As with most of this plant list, after they are established, little care is required and they can survive just on rainwater and minimal summer irrigation.

Asclepias photo courtesy
Asclepias tuberosa (Butterfly Weed) is a herbaceous perennial which is a tuberous rooted native. It typically grows in a clump to 1-3' tall and features clusters of bright orange to yellow-orange flowers from late spring through autumn. Flowers morph into the typical spindle-shaped seed pods. 

For the artsy-craftsy folk amongst us, the seed pods are valued in dried flower arrangements. 

The flowers are a nectar source for many butterflies and leaves are a food source for monarch butterfly larvae/caterpillars.

Berberis photo courtesy
Berberis fremontii (Fremont Mahonia) may, at a natural 10’ tall, be a bit large for some urban landscapes, although it can be trimmed. 

But, this evergreen shrub can form a good hedge or privacy screen. It is another fine pollinator plant with clusters of yellow flowers and purple berries in late autumn.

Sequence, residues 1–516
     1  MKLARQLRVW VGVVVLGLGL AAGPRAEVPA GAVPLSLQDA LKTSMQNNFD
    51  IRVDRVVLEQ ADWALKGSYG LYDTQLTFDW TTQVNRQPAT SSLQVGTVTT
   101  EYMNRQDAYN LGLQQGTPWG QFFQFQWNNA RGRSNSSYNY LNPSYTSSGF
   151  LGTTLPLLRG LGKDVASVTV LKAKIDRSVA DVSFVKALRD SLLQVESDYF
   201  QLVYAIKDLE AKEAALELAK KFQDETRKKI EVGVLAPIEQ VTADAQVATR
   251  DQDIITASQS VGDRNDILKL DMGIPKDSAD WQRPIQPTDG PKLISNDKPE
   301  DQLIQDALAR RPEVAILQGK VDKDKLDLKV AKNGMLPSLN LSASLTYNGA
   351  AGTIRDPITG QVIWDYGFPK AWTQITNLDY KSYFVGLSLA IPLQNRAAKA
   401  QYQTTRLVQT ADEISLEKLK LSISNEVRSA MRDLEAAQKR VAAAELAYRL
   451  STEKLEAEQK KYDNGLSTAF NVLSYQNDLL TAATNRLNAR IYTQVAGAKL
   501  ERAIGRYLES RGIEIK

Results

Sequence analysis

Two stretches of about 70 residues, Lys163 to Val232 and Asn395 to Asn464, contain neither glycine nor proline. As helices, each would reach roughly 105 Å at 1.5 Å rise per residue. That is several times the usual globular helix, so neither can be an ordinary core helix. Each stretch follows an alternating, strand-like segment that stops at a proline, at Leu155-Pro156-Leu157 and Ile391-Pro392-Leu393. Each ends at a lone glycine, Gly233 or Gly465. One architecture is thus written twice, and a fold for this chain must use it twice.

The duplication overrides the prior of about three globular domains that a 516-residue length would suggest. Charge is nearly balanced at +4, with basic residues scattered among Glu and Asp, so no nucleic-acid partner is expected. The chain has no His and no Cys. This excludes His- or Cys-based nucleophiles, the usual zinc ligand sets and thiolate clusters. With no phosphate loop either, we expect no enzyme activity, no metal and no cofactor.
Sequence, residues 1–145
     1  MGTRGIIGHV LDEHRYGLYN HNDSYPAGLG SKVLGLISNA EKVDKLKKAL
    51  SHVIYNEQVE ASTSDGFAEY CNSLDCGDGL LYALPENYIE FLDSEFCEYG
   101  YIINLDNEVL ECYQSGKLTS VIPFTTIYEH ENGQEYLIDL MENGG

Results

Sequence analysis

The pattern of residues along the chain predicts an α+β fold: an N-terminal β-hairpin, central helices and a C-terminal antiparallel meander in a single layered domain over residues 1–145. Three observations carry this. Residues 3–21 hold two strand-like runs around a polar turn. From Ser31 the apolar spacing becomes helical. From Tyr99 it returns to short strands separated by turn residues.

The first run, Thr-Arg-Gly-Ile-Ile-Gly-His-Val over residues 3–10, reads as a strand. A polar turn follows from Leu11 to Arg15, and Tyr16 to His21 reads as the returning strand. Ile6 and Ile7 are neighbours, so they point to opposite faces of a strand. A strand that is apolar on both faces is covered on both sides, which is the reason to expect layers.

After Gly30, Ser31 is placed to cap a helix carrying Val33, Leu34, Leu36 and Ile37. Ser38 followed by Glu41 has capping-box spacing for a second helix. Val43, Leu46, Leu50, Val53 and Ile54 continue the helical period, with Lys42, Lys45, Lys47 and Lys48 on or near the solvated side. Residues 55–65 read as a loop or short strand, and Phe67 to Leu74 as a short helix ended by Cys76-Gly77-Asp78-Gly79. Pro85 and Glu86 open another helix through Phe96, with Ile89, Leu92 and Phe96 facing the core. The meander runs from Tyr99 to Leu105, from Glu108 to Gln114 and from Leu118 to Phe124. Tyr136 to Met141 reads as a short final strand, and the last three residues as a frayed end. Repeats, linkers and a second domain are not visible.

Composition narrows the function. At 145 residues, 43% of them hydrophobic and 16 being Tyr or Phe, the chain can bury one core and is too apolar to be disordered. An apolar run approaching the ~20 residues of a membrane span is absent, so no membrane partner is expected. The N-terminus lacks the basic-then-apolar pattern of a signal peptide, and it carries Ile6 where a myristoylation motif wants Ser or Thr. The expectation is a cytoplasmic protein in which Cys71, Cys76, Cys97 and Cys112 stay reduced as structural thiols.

Docatheon photo courtesy
Dodecatheon pulchellum (Shooting Star) is member of the primula family. For such a delicate looking herbaceous perennial, it is often found growing in xeric (extremely dry) and desert habitats

It can found in the Great Basin Deserts. We happened to see them in the Mojave Desert! No supplemental watering there.

Erigeron photo courtesy
Erigeron peregrinus (Mountain Daisy) is a member of the Aster family and is often called ‘daisies’ or ‘fleabanes.’